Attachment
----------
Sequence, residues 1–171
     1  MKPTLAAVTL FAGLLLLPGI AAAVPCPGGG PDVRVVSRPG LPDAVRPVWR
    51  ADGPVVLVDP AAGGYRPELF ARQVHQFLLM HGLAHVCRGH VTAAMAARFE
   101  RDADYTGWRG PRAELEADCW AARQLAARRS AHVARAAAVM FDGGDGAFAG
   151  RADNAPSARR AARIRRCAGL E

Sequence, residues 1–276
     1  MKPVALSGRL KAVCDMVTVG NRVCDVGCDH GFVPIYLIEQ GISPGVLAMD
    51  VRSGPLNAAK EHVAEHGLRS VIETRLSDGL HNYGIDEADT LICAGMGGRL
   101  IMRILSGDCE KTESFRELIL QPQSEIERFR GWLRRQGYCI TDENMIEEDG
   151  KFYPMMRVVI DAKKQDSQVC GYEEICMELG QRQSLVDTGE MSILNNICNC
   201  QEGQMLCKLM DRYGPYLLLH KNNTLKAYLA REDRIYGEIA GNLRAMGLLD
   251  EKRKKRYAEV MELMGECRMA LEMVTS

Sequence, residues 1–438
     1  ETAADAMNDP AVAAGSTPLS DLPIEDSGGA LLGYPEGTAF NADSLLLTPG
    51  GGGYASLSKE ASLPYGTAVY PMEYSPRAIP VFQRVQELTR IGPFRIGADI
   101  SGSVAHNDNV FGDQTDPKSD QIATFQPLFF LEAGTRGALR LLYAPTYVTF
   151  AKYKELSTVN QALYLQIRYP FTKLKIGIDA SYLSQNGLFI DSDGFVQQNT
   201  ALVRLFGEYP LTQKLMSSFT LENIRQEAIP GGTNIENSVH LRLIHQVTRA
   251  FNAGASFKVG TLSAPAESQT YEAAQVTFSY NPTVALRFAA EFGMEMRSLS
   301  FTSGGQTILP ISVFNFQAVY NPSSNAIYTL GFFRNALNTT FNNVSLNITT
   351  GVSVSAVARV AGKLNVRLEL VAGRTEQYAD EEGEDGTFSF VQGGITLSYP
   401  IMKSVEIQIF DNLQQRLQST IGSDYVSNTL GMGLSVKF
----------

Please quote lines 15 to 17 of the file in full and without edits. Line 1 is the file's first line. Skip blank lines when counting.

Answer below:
    51  GGGYASLSKE ASLPYGTAVY PMEYSPRAIP VFQRVQELTR IGPFRIGADI
   101  SGSVAHNDNV FGDQTDPKSD QIATFQPLFF LEAGTRGALR LLYAPTYVTF
   151  AKYKELSTVN QALYLQIRYP FTKLKIGIDA SYLSQNGLFI DSDGFVQQNT